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Obtaining a Patent in a foreign country

Region: Ontario Answer # 301

A Canadian patent does not protect your rights in foreign markets. To protect your rights as the inventor in other countries where your invention will be marketed, you should apply for a patent in those countries.

The patent rules in foreign countries may be different from the rules in Canada. For example, in many countries you will not be able to obtain a patent for an invention that has been disclosed to the public before the filing date of your patent application. This means that you must not, for example, sell, advertise, display, or publish your invention until you have filed an application for a patent.

You can apply for a foreign patent either within Canada through the Canadian Patent Office at the Canadian Intellectual Property Office (CIPO) by filing an international patent application under the Patent Cooperation Treaty (PCT), or you can apply directly to the patent office of the country concerned.

Patent Cooperation Treaty

The Patent Cooperation Treaty (PCT) assists applicants who want patent protection for their inventions in other countries. The PCT allows you to file for a patent in as many as 153 member countries through a single application filed in Canada.

The PCT method consists of two phases:

  1. International phase: an international application is filed, in one language, and one set of fees is paid.
  2. National phase: patent protection is applied for in the national or regional intellectual offices in each of the designated countries. Applicable fees must be paid, including for translation into the languages of the designated countries.

Refer to CIPO for more information on filing for a foreign patent using the PCT method.

Convention Priority

Canada is a member country of the Paris Convention for the Protection of Industrial Property, an intellectual property Treaty that allows an applicant for a patent to request “convention priority.” Requesting convention priority is normally referred to as claiming priority, or making a priority claim.

When a priority claim is made the first filing date of a patent application filed in one member country – in this case Canada – will be recognized by other Treaty member countries as long as the patent application is filed in those other countries within one year of the filing date. A priority claim may also be made for a Canadian application that is based on a Canadian application filed in the past.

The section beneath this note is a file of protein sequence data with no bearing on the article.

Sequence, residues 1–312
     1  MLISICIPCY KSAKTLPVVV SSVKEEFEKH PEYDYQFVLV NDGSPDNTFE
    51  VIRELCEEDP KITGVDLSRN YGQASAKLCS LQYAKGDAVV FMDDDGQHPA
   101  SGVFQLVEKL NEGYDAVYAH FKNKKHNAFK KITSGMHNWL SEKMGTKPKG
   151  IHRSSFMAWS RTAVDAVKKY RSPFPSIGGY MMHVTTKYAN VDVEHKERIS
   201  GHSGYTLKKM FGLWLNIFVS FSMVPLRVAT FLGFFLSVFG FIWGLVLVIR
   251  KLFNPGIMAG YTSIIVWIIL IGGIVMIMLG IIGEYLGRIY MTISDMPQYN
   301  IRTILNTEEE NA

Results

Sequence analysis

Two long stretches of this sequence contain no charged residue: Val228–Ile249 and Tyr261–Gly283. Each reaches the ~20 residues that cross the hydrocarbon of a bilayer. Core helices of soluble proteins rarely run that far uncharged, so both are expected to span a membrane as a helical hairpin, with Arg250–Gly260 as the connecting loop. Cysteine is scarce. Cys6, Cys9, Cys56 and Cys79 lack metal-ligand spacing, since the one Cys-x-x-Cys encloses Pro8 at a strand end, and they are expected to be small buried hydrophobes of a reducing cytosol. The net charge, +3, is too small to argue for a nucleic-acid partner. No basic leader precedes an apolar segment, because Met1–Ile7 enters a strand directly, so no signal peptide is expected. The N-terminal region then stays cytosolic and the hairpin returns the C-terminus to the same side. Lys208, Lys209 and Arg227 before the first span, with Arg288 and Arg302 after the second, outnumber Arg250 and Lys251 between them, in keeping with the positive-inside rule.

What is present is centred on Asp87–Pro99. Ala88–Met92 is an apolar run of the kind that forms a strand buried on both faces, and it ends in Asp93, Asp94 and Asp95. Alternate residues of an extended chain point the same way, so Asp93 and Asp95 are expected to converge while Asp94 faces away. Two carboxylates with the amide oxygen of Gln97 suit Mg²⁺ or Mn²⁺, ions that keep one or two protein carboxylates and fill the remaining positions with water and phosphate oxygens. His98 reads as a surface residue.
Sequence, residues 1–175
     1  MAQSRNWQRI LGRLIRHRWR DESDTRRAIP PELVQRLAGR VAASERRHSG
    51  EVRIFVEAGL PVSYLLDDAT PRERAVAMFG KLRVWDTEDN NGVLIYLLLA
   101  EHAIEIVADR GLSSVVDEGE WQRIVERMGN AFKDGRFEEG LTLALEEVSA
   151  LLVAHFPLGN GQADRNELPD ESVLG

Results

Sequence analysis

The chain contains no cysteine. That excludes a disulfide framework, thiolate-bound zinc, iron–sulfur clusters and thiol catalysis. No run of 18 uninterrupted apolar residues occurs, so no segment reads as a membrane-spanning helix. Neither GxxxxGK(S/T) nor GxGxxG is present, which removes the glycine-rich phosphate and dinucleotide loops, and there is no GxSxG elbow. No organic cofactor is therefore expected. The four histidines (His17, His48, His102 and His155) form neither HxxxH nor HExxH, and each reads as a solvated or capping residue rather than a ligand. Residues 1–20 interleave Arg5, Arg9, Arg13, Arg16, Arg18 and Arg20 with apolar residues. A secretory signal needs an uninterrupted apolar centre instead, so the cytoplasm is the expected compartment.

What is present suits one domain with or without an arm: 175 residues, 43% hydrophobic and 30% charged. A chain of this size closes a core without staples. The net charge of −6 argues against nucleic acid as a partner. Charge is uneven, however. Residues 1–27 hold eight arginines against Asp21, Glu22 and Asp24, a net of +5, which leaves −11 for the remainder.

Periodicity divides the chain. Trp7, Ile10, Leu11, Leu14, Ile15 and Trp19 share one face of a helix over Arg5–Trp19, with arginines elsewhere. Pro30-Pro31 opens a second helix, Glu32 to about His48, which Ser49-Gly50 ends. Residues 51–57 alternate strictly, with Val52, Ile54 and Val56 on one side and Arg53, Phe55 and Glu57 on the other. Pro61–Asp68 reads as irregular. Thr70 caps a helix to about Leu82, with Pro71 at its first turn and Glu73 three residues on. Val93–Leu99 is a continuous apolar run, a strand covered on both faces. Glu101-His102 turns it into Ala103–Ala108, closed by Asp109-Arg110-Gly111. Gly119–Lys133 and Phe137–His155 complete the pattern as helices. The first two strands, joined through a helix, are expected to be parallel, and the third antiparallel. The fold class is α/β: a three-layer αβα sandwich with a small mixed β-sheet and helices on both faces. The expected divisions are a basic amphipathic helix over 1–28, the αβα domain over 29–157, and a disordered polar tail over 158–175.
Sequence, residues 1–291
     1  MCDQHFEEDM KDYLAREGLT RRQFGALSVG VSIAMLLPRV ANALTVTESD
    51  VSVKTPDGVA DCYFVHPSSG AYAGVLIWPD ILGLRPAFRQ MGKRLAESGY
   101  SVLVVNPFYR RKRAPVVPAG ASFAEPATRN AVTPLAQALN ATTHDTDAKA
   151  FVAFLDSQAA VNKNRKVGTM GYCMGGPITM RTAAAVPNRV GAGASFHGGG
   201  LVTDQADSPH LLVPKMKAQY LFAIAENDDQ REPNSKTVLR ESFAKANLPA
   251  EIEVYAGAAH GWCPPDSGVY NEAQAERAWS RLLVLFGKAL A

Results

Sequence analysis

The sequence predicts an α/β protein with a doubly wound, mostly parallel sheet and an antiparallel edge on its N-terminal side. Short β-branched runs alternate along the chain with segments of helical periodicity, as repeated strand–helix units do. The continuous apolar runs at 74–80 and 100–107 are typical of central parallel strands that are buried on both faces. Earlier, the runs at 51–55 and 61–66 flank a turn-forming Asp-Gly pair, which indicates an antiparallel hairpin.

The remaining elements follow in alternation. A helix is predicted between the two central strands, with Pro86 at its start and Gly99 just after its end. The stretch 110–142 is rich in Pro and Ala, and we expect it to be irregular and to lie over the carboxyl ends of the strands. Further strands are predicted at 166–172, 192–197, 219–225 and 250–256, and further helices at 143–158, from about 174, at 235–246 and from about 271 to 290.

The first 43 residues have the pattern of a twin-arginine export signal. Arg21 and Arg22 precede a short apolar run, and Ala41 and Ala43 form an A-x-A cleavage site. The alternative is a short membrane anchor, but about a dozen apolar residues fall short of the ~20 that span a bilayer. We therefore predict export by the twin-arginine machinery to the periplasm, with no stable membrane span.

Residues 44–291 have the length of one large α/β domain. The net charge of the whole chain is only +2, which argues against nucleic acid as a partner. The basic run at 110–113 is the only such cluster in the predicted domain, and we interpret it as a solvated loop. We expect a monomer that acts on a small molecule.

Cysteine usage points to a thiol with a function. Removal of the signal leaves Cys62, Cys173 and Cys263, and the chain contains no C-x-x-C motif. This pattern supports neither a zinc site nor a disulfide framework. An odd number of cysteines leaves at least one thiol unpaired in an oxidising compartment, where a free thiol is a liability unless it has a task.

Amendments to the Patent Act – change to Priority Claims

On October 30, 2019 new Rules and Amendments to the Patent Act came into force, which make it consistent with international Patent law and include changes to the requirements for filing a patent application in a foreign country and priority claims.

For applications filed after October 29, 2019, these changes include the following:

  • A certified copy of the priority claim document must be filed or made available through the World Intellectual Property Organization (WIPO) Digital Access Service.
  • To restore priority in cases where the 12-month priority deadline is missed, you will be given an extra 2 months after the original 12-month deadline to make a priority claim if the deadline was unintentionally missed.

For more information about the patent process, refer to the Canadian Intellectual Property Office.

The rules are usually different in foreign countries and it can be very complicated to apply for a foreign patent. For legal assistance with your patent application, or other intellectual property matters, contact our preferred lawyers and see who’s right for you: 

Bereskin & Parr

Gilbert's LLP


Bereskin & Parr Intellectual Property ON All Topics March 21, 2018Bereskin & Parr Intellectual Property ON All Topics March 21, 2018

Gilbert’s LLP Intellectual Property ON All Topics March 21, 2018Gilbert’s LLP Intellectual Property ON All Topics March 21, 2018



								

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